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Sunday, October 16, 2011 | Onward to Yerevan

Another early start, heralded this time not by my alarm clock but by the urgent call of the muezzin. Today I am going to try to get to Yerevan, but whether I will get there or not remains to be seen. Who knows what the roads will be like? We will find out very shortly. As it happens, I reach the border with Georgia at around midday, with everything going super-smoothly. The border officials are very co-operative and I give them a brief inspection tour of the Editourmobil. Then they wave me onward with a cheery "welcome to Georgia."

Once across the border, an urgent need to fill up. The Editourmobil can just about squeeze into the small petrol station. Then we are off again, and again into the mountains. According to my faithful GPS, I have to climb up over a pass to reach Yerevan. Road conditions which had been just about OK, now go on a distinctly downward trend, so to speak. After about two hours (no time to pull in for a meal) the roads are in such bad shape that I’m forced to crawl along at 5 -10kms/hr. Potholes, mud, steep-sloping hillsides and huge rocks litter the road. And – something I’m only familiar with from pictures I have seen from India – there are cows peacefully ambling along at the roadside or munching at the hedgerows. None of this is very helpful in making progress. To cap it all, it is now late afternoon and the light is beginning to fade. I‘m beginning to wonder how long this will go on. Someone should be hauled over the coals for allowing the roads to get into such an abysmal state. The road weaves its way through tiny villages where people wave cheerily at me as I pass by. I have no idea whether they are greeting me as a stranger out of sheer friendliness, or whether in pure astonishment that such an unsuitable vehicle should be trying to negotiate these perilous roads. As dusk approaches, a mist descends, and still the road to the pass seems never-ending. This is no road for such a huge vehicle; a jeep or even a Hummer would have their work cut out here. To my left the road falls away suddenly to a sheer drop of around 400m, whilst to the right jagged rocks loom over the vehicle. Did I remember to write my last will and testament?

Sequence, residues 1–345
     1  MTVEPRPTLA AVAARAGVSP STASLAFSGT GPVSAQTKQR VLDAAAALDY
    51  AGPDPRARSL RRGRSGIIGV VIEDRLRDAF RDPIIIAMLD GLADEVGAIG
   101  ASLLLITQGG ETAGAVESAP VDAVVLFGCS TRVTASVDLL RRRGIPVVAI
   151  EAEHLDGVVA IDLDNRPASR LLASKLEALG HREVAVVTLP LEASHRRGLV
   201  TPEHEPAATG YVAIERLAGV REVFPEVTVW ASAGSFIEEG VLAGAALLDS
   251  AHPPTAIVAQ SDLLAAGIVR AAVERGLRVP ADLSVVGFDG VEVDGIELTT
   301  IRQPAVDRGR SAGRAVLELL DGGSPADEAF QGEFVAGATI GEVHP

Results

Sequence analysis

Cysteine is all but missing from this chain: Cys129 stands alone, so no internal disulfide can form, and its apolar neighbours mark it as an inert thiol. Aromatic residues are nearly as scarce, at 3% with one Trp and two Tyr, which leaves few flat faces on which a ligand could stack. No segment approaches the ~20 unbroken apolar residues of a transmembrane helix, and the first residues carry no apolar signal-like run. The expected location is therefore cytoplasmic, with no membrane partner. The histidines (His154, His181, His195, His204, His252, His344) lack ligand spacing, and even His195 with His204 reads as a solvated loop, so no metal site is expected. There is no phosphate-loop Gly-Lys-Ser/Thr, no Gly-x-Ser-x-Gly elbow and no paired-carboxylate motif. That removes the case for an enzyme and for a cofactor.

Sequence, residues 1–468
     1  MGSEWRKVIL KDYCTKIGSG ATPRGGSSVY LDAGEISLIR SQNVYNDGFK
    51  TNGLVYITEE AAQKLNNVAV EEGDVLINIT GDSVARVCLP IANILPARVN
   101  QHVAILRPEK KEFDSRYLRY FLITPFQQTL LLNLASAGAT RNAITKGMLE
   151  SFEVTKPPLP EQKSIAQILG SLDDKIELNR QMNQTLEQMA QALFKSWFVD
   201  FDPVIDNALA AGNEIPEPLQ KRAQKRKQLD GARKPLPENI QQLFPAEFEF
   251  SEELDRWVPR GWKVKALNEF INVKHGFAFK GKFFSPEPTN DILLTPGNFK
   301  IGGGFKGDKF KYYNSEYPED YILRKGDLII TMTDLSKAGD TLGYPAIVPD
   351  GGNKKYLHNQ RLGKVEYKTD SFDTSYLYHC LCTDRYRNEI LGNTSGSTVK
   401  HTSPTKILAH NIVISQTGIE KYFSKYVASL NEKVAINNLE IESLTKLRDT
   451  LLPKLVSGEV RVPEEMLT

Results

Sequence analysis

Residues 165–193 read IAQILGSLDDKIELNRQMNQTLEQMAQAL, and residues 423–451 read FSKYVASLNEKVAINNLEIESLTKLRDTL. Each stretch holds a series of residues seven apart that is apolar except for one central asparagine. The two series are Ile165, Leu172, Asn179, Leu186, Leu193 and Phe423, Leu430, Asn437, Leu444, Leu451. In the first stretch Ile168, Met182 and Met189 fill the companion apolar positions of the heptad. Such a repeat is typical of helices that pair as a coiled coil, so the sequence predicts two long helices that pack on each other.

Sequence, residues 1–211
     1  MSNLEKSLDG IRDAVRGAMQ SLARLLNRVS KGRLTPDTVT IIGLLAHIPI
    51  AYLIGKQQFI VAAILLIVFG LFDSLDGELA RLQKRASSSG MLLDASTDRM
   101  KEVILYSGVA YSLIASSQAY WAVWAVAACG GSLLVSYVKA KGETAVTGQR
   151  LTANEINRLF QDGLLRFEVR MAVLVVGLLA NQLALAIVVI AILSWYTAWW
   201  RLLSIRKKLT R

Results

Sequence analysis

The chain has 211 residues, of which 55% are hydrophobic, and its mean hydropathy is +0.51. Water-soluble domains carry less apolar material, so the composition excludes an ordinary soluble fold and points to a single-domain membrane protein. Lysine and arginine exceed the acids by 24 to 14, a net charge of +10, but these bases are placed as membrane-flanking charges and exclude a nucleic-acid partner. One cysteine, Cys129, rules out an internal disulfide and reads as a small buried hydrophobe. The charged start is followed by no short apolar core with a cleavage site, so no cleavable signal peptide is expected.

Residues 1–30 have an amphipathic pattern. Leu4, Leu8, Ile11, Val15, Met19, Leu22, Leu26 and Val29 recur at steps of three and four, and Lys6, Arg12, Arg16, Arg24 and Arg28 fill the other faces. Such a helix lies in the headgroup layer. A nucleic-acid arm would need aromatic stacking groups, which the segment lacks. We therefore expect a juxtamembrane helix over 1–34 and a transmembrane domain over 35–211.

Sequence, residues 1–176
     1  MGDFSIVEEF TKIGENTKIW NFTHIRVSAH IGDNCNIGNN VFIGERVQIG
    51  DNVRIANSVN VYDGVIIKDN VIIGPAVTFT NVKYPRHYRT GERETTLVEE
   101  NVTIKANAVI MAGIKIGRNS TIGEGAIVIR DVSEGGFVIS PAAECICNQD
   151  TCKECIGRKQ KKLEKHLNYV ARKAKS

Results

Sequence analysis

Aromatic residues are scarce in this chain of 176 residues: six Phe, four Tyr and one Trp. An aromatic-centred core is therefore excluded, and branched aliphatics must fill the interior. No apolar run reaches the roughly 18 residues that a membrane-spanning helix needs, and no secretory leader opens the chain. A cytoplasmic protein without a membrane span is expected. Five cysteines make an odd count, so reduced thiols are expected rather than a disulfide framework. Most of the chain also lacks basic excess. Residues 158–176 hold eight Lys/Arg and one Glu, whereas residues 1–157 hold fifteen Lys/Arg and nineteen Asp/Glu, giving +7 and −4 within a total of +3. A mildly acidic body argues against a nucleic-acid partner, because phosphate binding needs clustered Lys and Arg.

The road now peters out, and worse still, it is now pitch black. I'm still not over the mountain. I press on and on and then suddenly, at an altitude of about 2030m a huge clearing appears with a large signpost, indicating various directions. I've actually done it, I'm at the top of the pass! In sheer relief, I get down from the cab and have a quick walk round. I take a picture. There is snow up here. From here it is downhill all the way to Yerevan.

My relief was, sadly, short-lived. I will spare the reader details of the descent. Suffice it to say that it was as just about as catastrophic as the ascent. The shock absorbers of the Editourmobil are probably completely knackered. The potholes are harder, deeper and more numerous than ever, and I spend my time desperately dodging between lumps of tarmac and thick mud. There has obviously been no work done here for at least 20 years if not more. The poor Editourmobil has to pick its way constantly through deep water channels and mini-waterfalls tumbling from the rockface. Water, water everywhere, all over the road, plunging eventually down the mountainside. I just hope and pray that I don’t get a puncture or that the vehicle is not simply swept off the road by the force of the current.

After about 8 hours, absolutely shattered, with a raging headache, I arrive on the other side and at 11pm manage to locate a place to stop at a small, still open petrol station. Yerevan is still 322km distant. ‘Nuff said!